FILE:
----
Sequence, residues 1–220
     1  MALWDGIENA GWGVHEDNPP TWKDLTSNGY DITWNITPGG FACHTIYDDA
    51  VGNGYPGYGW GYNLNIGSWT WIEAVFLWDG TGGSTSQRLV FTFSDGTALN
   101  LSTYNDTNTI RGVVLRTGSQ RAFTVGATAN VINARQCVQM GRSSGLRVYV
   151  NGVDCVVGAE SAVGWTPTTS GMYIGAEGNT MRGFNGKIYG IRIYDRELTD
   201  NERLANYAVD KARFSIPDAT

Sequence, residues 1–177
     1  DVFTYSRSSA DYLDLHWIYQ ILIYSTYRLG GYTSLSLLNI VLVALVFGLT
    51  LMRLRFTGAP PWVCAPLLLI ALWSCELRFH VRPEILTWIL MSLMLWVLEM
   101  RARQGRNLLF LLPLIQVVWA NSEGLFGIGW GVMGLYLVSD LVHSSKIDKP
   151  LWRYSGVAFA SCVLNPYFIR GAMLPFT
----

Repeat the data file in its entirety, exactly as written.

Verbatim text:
Sequence, residues 1–220
     1  MALWDGIENA GWGVHEDNPP TWKDLTSNGY DITWNITPGG FACHTIYDDA
    51  VGNGYPGYGW GYNLNIGSWT WIEAVFLWDG TGGSTSQRLV FTFSDGTALN
   101  LSTYNDTNTI RGVVLRTGSQ RAFTVGATAN VINARQCVQM GRSSGLRVYV
   151  NGVDCVVGAE SAVGWTPTTS GMYIGAEGNT MRGFNGKIYG IRIYDRELTD
   201  NERLANYAVD KARFSIPDAT

Sequence, residues 1–177
     1  DVFTYSRSSA DYLDLHWIYQ ILIYSTYRLG GYTSLSLLNI VLVALVFGLT
    51  LMRLRFTGAP PWVCAPLLLI ALWSCELRFH VRPEILTWIL MSLMLWVLEM
   101  RARQGRNLLF LLPLIQVVWA NSEGLFGIGW GVMGLYLVSD LVHSSKIDKP
   151  LWRYSGVAFA SCVLNPYFIR GAMLPFT